By Megan Kelley
As students and staff of Lake Orion Community School’s begin their final month of schooling before summer vacation, the board of education prepares to wrap up an unprecedented school year and look toward what could potentially be a strange start to the 2020-2021 school year.
“It continues to be a fluid process…There’s been changes almost every week. I think that’s very important,” said Assistant Superintendent of Teaching and Learning Heidi Mercer. “The goal is to be fully ready in the fall, should we need to be, starting day one online…hopefully that is not needed but we will be ready if that is the case.”
However, the idea of having to continue online learning into the 2020-2021 school year is relatively minor compared to the potential hurdles the district may have on the horizon as it relates to enrollment and funding.
Treasurer Jake Singer informed the board of potential changes in the 2020-2021 revenue due to possible changes in state aid.
Several state laws may come into play in the near future that could cause LOCS to lose state school aid funding, the district’s primary source of revenue, according to Singer.
First, the state of Michigan, by law, cannot run a deficit in the school aid fund.
“They can only distribute amounts which equal the funds they have on hand. Lake Orion’s per pupil foundation allowance of $8,529 for the current school year was contingent upon the state having enough revenue to cover that allowance,” said Singer.
“If the state school aid fund comes up short, state law requires that the available funds are prorated. This means some formula would be developed to determine how much the remaining state aid payments from the states current school year will be reduced.
“The states fiscal year ends on September 30, so some or all of the cash impact for the current school year proration will likely hit the LOCS budget starting July 1, 2020.”
The second state law that comes into play pertains to the states “Rainy Day Fund.” According to Singer, current state law allows only 25 percent of the Rainy Day Fund to be used in any one fiscal year.
“With a current balance of just over a billion dollars, the state could utilize $250 million for this fiscal year and about $200 million for the next fiscal year. The school aid fund is not the only state budget item under pressure so there is no guarantee that any money from the Rainy Day Fund would go to K-12 education,” Singer said.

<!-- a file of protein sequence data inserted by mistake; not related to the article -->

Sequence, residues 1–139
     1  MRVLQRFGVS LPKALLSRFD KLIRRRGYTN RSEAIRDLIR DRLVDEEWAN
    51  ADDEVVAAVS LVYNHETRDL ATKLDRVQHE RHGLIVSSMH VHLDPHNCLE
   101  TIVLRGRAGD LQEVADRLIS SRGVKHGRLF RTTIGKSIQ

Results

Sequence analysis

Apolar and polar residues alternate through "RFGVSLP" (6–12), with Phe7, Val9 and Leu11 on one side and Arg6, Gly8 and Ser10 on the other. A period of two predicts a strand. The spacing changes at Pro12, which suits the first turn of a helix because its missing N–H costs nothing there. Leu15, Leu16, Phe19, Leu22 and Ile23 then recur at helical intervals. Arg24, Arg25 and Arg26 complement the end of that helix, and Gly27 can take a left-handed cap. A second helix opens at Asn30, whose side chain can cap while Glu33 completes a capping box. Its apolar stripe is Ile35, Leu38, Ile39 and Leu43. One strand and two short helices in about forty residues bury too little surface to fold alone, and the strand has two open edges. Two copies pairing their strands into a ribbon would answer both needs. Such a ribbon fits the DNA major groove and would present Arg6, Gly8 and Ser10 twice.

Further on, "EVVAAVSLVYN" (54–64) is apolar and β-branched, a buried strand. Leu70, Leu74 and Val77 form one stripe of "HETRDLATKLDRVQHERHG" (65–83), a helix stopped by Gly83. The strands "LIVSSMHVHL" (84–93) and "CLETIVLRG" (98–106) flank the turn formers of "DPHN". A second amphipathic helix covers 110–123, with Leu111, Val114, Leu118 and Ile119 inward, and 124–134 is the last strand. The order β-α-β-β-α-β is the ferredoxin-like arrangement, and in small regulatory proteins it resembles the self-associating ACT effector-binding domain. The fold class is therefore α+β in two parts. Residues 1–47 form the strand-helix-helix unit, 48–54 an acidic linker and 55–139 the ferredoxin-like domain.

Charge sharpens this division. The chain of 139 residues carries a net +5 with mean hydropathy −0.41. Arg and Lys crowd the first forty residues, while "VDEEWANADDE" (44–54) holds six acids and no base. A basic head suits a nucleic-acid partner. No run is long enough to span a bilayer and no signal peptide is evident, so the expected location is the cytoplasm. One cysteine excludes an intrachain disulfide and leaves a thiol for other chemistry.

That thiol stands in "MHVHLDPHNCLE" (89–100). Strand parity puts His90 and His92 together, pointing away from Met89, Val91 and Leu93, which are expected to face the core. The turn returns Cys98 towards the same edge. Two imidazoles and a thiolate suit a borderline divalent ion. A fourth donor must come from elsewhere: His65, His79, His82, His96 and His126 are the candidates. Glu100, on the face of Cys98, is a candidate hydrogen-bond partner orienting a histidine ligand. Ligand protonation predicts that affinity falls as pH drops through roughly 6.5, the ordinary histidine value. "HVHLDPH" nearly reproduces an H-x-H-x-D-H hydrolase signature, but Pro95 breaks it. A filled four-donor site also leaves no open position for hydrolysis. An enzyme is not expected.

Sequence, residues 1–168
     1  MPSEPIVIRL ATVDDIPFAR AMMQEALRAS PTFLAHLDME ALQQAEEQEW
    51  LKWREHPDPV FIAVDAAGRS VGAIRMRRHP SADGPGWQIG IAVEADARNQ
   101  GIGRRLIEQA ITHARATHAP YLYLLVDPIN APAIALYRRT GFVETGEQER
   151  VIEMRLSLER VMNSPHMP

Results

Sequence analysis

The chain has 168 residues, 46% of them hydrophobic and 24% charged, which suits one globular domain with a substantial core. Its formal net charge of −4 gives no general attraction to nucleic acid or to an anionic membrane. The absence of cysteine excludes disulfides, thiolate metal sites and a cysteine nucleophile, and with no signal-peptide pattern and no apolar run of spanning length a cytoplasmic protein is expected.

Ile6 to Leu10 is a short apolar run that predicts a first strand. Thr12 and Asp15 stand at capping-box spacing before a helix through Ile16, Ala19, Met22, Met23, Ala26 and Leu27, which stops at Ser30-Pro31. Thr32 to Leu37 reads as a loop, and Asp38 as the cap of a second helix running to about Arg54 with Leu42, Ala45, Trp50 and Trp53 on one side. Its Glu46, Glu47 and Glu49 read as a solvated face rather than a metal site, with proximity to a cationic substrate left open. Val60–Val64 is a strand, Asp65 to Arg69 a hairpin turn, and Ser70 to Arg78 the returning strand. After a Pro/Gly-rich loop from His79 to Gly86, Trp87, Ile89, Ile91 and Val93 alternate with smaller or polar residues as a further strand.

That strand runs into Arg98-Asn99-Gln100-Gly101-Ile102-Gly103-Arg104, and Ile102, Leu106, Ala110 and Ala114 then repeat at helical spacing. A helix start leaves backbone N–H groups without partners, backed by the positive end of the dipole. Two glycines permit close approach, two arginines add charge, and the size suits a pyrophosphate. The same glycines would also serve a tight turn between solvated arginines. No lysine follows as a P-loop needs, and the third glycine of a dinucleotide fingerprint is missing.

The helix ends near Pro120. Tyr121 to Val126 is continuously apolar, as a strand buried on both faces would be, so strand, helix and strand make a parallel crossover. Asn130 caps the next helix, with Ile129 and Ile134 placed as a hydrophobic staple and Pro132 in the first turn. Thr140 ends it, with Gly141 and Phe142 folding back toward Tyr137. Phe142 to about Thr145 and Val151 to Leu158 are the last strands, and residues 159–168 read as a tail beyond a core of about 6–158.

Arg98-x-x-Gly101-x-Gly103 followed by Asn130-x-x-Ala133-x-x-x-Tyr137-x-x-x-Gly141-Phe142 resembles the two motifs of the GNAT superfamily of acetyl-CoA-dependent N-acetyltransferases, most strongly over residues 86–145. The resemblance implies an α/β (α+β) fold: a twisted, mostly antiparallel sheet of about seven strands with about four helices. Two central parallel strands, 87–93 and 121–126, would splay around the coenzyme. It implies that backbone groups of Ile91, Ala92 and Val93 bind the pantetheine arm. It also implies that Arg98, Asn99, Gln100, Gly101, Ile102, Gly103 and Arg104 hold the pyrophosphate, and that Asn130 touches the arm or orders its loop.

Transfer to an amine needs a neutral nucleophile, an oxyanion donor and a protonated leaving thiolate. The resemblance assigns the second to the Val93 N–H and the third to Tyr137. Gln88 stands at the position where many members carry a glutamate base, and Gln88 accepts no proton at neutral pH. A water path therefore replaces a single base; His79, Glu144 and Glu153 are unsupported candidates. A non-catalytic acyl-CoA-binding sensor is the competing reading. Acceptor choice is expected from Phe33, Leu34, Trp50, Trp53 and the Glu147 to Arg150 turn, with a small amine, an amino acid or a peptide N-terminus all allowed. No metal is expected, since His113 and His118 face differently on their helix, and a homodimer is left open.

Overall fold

“Additionally, the shortfall in the school aid fund is projected to be much higher than the projected $250 million, which the Rainy Day Fund could contribute. From the local LOCS perspective, current approved 2019-2020 budget amendment projects a roughly $7.8 million fund balance at the end of our current fiscal year. This represents an amount equal to 9.3 percent of LOCS expenditures.”
Ultimately, if the current foundation allowance dropped to zero and no modifications were made to the district’s spending budget, the LOCS foundation allowance would drop by almost $1 million and would lose about $750,000 for every additional $100 cut to per pupil funding, said Singer.
To put this information into perspective, Singer quoted state officials.
Kurt Weiss spokesperson for the State of Michigan Department of Technology, Management and Budget said, “Devastating cuts to education and other key priorities are a real possibility.”
According to Singer, Michigan Senator and Chair of the Senate K-12 Appropriation Sub-Committee Wayne Schmidt has told school officials, in recent meetings, to prepare for the worst budget in decades with a possible cut of 20-25 percent in per pupil allowance for 2020-2021.
A 20 percent cut would give LOCS a loss of about $1,700 per pupil or about $13 million for LOCS, said Singer.
Additionally, due to the nature of this pandemic, Assistant Superintendent of Human Resources Rick Arnett also informed the board that they have received fewer School of Choice applications than they had originally expected which could impact staffing.
“We’re already seeing with our schools of choice enrollment that we just opened, a significantly lower number of applicants than we would traditionally see. I anticipate we will probably see a higher number of SOC student not returning next year for a number of reasons. I think depending on which model we see, you may find, and I would bet that, we may have some families who will still not be comfortable sending their kids to school,” Arnett said. “We’re really trying to plan for the unknown, be as prepared as we can…we want to be able to start the year in whatever capacity it is without missing a beat and being as prepared as we can, there’s just so many unknowns at this time. But we’re doing the best we can to ensure that we’re as ready as we can be, no matter what it looks like.”